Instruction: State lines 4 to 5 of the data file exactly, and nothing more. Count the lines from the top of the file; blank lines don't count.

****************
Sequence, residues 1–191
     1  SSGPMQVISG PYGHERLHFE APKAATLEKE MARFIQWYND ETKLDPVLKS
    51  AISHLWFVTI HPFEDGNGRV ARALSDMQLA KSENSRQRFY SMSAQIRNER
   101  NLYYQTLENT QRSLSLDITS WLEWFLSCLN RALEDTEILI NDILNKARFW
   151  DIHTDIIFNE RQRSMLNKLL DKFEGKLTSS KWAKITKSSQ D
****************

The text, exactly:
   101  NLYYQTLENT QRSLSLDITS WLEWFLSCLN RALEDTEILI NDILNKARFW
   151  DIHTDIIFNE RQRSMLNKLL DKFEGKLTSS KWAKITKSSQ D